President Obama Rips Ultra Successful Nike Oregon Project

Rush Limbaugh Rushes To Defense Of Ultra Successful Track & Field Program

By LetsRun.com
April 1, 2010

UTICA, MI – President Barack Obama, in an attempt to build support for his economic agenda, drew attention to a heretofore low-profile sliver of the population yesterday, outlining the vast differences between the haves and have-nots of elite American distance running, and how they mirror those found in society at large.

Speaking at a Hanson’s Running Shop to a crowd of what Obama characterized as “hard-working, blue-collar American runners,” the President lauded the store’s proprietors, brothers Keith and Kevin Hanson, both as exemplars for how to run and grow a small business, and for the successes enjoyed by their Hansons-Brooks Distance Project.

The Project, which the brothers started in 1999, is a collective of elite distance runners who train and compete year-round, with a goal of representing the United States in international competitions such as the Olympics. The Project was self-funded until 2003, when the shoe company Brooks Running allied with the Hansons to provide funding and equipment for the team.

“Keith, Kevin, and their dedicated stable of runners are living proof that the American work ethic is as strong today as it has ever been,” Obama said.

After praising the Hansons, however, Obama pointedly criticized the Nike Oregon Project, a similarly minded outfit based in Portland, Oregon. Many in the distance running community feel that the Oregon Project, whose roster is a veritable who’s who of American running, enjoys an unfair advantage over smaller groups such as Hansons-Brooks, due primarily to the sizeable financial backing of its primary sponsor, the global shoe and apparel behemoth Nike.

“At a time when so many American runners risk getting a stress fracture because they can’t afford to buy a new pair of shoes, or no longer have enough time to run twice a day because they’re forced to work longer hours just to make their monthly mortgage payment,” Obama said, “the Nike Oregon Project continues to indiscriminately buy $75,000 anti-gravity treadmills and pay their runners huge sums to do nothing but run.

“That is the height of irresponsibility. It is shameful. And part of what we’re going to need is for the folks in Portland to show some restraint and show some discipline and show some sense of responsibility.”

Later, Obama preemptively addressed criticisms surrounding the efficacy of the American Recovery and Reinvestment Act, more commonly known as the stimulus plan. After listing examples of small businesses such as Hansons Running Shop that have benefited from receiving stimulus funds, Obama emphasized that, with health care reform now behind him, his adminstration’s primary focus is getting the American economy back on track at the grassroots level.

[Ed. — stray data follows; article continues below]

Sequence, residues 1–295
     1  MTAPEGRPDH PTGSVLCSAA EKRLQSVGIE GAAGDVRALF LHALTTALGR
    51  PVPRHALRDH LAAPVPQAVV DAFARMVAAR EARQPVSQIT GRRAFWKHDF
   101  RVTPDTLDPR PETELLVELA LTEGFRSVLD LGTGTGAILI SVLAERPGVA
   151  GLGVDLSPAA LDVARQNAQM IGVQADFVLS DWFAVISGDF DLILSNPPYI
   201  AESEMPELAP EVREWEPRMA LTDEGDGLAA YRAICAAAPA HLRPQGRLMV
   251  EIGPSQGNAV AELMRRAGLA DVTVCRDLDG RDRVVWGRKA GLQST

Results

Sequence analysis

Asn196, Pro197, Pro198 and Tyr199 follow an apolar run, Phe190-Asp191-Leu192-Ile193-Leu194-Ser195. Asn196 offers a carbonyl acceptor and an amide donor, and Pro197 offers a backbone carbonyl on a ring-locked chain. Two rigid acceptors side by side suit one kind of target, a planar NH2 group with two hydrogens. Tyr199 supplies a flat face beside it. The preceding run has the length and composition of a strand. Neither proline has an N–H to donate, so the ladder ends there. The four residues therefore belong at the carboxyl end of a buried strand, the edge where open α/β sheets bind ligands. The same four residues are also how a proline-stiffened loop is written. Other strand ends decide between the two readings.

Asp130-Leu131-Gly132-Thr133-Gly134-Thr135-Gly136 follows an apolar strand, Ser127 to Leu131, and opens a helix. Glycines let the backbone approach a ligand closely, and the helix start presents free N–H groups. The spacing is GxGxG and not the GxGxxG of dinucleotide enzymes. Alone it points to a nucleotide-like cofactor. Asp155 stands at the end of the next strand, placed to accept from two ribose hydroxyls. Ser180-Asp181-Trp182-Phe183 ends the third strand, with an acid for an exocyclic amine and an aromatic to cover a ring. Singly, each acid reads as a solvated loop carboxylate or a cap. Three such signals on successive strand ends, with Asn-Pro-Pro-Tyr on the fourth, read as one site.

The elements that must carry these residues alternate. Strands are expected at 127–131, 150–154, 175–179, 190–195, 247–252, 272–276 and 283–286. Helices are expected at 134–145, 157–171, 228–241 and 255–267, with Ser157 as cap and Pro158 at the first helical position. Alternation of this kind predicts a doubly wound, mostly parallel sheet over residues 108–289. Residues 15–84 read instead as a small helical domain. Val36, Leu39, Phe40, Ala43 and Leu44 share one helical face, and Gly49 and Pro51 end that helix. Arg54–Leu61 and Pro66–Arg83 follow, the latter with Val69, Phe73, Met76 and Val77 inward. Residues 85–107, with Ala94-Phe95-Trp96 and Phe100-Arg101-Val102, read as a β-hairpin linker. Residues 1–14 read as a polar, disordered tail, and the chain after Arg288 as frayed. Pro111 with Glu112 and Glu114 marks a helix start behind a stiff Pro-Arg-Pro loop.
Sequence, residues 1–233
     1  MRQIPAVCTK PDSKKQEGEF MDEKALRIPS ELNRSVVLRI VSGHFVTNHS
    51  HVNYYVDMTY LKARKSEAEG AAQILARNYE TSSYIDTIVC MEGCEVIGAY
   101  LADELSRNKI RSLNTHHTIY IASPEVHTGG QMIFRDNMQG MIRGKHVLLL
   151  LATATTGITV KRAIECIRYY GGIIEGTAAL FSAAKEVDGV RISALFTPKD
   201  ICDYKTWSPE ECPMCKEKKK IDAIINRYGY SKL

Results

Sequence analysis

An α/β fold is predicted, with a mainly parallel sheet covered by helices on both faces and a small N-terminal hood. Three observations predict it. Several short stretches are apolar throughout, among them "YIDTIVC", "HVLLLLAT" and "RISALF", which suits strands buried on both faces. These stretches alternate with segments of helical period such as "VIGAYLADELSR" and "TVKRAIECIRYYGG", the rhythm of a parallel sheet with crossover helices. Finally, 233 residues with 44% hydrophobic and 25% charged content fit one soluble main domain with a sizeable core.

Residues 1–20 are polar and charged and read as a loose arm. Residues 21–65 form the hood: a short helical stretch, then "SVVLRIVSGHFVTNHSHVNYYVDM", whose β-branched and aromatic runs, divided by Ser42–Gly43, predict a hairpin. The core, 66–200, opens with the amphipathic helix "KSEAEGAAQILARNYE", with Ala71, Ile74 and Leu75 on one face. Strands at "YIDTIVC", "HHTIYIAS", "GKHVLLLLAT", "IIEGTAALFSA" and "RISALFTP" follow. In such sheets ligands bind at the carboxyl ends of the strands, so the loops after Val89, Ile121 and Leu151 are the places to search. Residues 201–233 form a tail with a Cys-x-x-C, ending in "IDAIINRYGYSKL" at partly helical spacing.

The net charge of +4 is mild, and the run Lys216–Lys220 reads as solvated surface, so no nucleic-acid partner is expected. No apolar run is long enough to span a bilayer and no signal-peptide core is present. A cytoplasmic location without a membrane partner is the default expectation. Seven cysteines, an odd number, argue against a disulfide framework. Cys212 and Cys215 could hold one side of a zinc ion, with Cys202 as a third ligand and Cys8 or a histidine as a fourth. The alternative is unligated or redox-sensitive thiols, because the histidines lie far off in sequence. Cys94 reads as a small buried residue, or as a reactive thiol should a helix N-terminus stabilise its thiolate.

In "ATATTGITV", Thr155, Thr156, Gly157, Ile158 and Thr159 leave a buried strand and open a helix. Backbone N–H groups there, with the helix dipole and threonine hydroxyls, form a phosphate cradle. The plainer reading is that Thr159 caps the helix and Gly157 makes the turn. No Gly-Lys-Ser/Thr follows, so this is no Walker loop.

“I did not run for office to be helping out a bunch of, you know, fat-cat runners in Oregon.”

Obama’s remarks underscore how relations between his administration and the Oregon track community have deteriorated as the recession has dragged on. During his hard-fought race against Hillary Clinton in the 2008 Democratic Primary, Obama openly courted the state’s distance running elite, making a campaign stop at that year’s Oregon Twlight track meet, where he congratulated event winners and playfully jumped over hurdles on the track.

Track and Field: USA Track & Field Championships
Alberto Salazar

When notified of Obama’s comments, Oregon Project head coach Alberto Salazar, himself a former world record holder in the marathon, was quick to defend his athletes, particularly when asked whether his team has too many anti-gravity treadmills at its disposal.

"Is it possible to run too fast? Is it possible to win too many U.S. titles?” Salazar rhetorically asked. “I don’t want people on this team to think that they have accomplished as much for themselves as they can and go on vacation. As the guardian of the interests of Nike and, by the way, for the purposes of society, we’re going to continue to do what we’re doing. I don’t want to put a cap on my runners’ ambition. It’s hard for me to argue for a cap on how many AlterG’s we buy."

Salazar, a devout Catholic, then stated that, for all the controversy, he views himself as nothing more than a coach who is “doing God’s work.”

As word of Obama’s Hansons speech spread, conservative talk radio host Rush Limbaugh was quick to defend the Oregon Project.

“A lynch mob is expanding: the Gallowalkers with their pitchforks surrounding Hayward Field, demanding heads. All of this being ginned up by the Obama administration.”

Later, Limbaugh claimed, “Without the Oregon Project, US distance running will die. US distance running needs a whole bunch of runners being paid a whole lot of money, or else the sport will cease to progress in this country. Hansons is a cute story, but how many American records have they broken? Without the Oregon Project, it’s over . . . This – it’s just a populist ruse. It’s just designed for people to go, ‘Yeah! Yeah!’

“Only an idiot would criticize the Nike Project for being too successful. America is all about rewarding very handsomely those who can do something that no one else in society can do – like run 3:46 for the mile, 12:56 for 5k or 27:13 for 10k – feats all accomplished by Nike runners.”

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